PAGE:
SPORTS: BOUNCING BACK
After tying Friday, men’s soccer dominates Sunday p. 9
Animal Collective is back and just as great as ever p. 6
Secretary of Labor Hilda Solis discusses college affordability p. 4
The University Of Maryland’s Independent Student Newspaper
ISSUE NO. 4 Our 103rd Year
TOMORROW 80S / T-Storms
ONLINE AT umdbk.com
TUESDAY, SEPTEMBER 4, 2012
Law students struggling in job market Graduates finding less-than-ideal jobs By Quinn Kelley Staff writer While many law school students can still count on employment when they graduate, a growing number of new
lawyers are struggling to land the jobs they want. Employment rates have held steady from the University of Maryland, Baltimore graduate school, with between 93 and 94 percent securing a job within nine months of graduation per year since 2008, according to the law school’s statistics. However, students and experts in the field said the nature of the job market
is shifting, and the number of students employed full-time and in private practice employment has decreased. In 2008, 88 percent of positions obtained after graduation were full-time, a figure that dropped to 81 percent last year, according to UMB’s law school annual reports. Graduates employed by a private practice dropped from 40 percent in 2008 to 29 percent last year.
Charlie Zhu, UMB’s Business Law Society’s vice president, said although it seems employment for law school graduates has remained stable, fellow students seem to be facing more limited options for jobs. “I don’t see there are a lot of people graduating but not finding jobs,” Zhu See LAW, Page 3
‘08-‘11 EMPLOYMENT RATES 7 percent decrease in the proportion of graduates employed full time 11 percent decrease in private practice employment 7 percent increase in the proportion of graduates employed part-time 7.7 percent increase in jobs in government, academia and judicial clerkships 19 percent increase in jobs that do not require bar admission
Heat exhaustion hits some football fans
Police and fire officials respond to 26 calls By Fola Akinnibi Staff writer University Police and the Prince George’s County Fire Department responded to 26 medical calls for attendees of the Terrapins football game Saturday afternoon, primarily due to the record-breaking 95degree heat. Three individuals were transported to area hospitals, suffering from a heart condition, diabetes and a cut leg, and at least five were treated on site due to a combination of heat and pre-existing conditions, according to
University Police spokesman Capt. Marc Limansky. Though he said the department generally receives medical calls during football games, he attributed the unusually high frequency of calls to the extreme heat and humidity, especially during halftime and the third quarter of the game. The Washington Post’s Capital Weather Gang reported 29 days of at least 95-degree heat this year, breaking a record set in 1980. Limansky said alcohol consumption was also a factor with several people, See HEAT, Page 3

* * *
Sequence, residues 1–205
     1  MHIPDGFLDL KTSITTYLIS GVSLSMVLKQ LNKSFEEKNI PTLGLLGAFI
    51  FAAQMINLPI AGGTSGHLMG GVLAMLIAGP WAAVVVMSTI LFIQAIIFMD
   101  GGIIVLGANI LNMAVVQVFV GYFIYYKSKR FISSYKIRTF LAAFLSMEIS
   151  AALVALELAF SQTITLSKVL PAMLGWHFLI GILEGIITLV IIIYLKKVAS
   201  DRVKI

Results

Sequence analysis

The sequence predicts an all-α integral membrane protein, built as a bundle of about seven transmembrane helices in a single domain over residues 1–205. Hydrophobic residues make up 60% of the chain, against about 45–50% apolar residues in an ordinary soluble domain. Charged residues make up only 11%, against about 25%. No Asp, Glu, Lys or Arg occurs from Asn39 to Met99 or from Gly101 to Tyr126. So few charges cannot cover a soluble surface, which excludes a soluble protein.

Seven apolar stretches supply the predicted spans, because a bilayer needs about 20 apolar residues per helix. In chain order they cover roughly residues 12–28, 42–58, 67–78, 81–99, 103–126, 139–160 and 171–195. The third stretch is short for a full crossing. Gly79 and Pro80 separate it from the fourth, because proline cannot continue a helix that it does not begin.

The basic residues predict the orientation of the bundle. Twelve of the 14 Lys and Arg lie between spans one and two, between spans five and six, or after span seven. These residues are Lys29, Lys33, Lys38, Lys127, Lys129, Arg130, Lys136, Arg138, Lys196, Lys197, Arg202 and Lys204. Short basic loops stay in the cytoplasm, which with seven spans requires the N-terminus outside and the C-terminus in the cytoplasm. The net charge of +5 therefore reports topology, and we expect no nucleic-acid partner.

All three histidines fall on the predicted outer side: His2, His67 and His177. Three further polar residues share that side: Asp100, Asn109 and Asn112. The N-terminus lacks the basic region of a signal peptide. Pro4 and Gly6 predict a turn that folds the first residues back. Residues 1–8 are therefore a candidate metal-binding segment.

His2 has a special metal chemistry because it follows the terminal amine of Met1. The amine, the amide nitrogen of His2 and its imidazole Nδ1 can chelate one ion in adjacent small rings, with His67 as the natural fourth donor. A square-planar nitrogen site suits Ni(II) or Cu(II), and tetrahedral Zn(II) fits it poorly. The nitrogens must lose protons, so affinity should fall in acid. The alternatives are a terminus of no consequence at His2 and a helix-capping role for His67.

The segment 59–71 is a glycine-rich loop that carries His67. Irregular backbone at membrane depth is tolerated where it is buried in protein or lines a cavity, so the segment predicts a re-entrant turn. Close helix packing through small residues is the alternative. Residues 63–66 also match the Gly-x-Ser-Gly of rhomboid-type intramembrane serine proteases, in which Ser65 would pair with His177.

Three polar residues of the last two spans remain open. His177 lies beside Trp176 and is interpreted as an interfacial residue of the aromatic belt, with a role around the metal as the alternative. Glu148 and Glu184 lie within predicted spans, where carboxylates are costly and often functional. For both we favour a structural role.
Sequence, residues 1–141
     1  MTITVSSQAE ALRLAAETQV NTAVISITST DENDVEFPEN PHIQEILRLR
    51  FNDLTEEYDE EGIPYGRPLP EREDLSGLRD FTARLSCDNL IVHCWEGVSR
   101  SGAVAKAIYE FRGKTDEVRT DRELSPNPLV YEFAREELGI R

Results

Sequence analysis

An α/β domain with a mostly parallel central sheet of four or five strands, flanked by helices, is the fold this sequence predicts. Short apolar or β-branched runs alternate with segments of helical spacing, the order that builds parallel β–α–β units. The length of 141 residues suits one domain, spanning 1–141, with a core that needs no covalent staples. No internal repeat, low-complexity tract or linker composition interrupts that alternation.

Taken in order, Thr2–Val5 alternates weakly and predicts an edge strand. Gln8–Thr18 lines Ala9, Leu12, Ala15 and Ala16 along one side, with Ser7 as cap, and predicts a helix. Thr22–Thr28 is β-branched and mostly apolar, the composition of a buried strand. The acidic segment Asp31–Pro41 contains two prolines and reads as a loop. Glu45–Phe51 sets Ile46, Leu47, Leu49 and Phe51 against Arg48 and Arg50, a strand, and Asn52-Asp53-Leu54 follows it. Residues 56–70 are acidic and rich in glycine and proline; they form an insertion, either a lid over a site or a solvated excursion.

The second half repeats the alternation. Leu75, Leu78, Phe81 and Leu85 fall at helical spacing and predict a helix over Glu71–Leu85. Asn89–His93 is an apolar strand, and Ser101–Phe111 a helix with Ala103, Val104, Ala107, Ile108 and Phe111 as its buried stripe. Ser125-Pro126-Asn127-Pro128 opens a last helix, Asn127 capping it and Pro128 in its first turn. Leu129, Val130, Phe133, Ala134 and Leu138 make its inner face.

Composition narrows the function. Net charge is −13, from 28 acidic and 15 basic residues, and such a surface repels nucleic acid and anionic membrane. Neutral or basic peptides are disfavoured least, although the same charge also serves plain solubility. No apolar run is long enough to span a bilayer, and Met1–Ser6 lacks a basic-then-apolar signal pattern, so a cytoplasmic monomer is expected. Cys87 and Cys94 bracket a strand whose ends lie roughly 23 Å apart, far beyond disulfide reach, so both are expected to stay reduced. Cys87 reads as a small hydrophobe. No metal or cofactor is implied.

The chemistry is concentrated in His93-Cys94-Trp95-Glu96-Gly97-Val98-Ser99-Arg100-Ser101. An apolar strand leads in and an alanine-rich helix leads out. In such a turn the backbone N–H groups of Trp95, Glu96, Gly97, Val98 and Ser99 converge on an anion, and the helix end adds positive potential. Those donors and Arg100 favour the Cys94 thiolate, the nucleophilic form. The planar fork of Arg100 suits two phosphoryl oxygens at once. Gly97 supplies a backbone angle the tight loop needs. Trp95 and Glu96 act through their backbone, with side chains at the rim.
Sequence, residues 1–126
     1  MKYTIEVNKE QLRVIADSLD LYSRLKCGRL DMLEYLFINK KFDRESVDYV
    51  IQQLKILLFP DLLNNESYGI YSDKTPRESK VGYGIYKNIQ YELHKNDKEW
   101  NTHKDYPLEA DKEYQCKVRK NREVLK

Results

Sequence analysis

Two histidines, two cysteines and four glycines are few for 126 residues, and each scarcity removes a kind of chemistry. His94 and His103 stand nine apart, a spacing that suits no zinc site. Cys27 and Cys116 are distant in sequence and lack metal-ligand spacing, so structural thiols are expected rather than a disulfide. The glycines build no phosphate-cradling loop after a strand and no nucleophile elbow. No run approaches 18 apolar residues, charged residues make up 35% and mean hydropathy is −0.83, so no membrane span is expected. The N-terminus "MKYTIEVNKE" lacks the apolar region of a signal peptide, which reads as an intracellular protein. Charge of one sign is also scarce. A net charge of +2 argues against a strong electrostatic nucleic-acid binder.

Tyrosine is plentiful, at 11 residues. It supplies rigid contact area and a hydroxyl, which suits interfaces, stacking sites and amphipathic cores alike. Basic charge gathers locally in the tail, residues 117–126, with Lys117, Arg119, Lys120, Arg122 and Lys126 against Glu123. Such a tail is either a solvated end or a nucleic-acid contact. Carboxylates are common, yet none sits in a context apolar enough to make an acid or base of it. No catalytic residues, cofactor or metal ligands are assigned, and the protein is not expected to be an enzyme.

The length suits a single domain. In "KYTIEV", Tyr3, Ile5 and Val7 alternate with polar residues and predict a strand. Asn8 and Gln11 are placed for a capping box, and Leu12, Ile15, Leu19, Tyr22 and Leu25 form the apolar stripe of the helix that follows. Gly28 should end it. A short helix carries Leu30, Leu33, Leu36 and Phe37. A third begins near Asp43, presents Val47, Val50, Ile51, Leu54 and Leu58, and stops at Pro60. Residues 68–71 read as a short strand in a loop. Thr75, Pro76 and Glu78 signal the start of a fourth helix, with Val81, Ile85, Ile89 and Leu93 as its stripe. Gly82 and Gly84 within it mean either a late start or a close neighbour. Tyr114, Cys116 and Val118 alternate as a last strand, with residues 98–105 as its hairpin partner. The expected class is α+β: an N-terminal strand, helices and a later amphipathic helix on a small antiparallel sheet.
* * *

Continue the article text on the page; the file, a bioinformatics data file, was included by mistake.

Two sorority houses receive new facelifts By Laura Blasey Staff writer
running back justus pickett celebrates after barely reaching the end zone for a 6-yard touchdown in the fourth quarter. The Terps struggled in their season opener against the William & Mary Tribe after a slew of injuries left them with five starting true freshman and a total of seven first-time starters. charlie deboyace/the diamondback
JUST GOOD ENOUGH After rash of first-half turnovers, Terps rely on defense to squeak past William & Mary By Josh Vitale Senior staff writer By the time the teams finally headed to the locker room for halftime Saturday afternoon, it was clear there were two separate games taking place on Capital One Field at Byrd Stadium. The Terrapins football team’s defense was playing against William & Mary’s
offense. The Terps offense, though, was playing against itself. It nearly lost, too. Quarterback Perry Hills threw three costly interceptions and running back Albert Reid coughed up a fumble late in the first quarter. Turnovers led to all William & Mary scoring in the game, and the Terps didn’t even score their first points of the season until running back Justus Pickett scampered
into the end zone for a 6-yard touchdown early in the fourth quarter. But the defense did its job. Even with four takeaways, the Tribe could only muster two field goals in the game. Pickett’s touchdown run was enough to put the Terps on top, giving them a seasonopening win over William & Mary, 7-6. See TRIBE, Page 8
As the summer came to a close and students across the city prepared for the first week of classes, the members of Phi Sigma Sigma and Alpha Phi had something to look forward to: newly renovated chapter houses. The completed overhauls of two houses on College and Princeton avenues mark the long-awaited end of a two-decade-long project — in the early 1990s, the Department of Fraternity and Sorority Life set out with the goal to update all 21 chapter houses. At that time, no construction had been done to the houses since they were built in the 1950s, according to the DFSL facilities and operations Associate Director Bob Nichols. “We celebrated our 50-year anniversary last spring,” Shelby Bene, president of Alpha Phi, said. “The house was in good condition, but it wasn’t up to date; it wasn’t modern.” Money issues and new building codes extended the length of the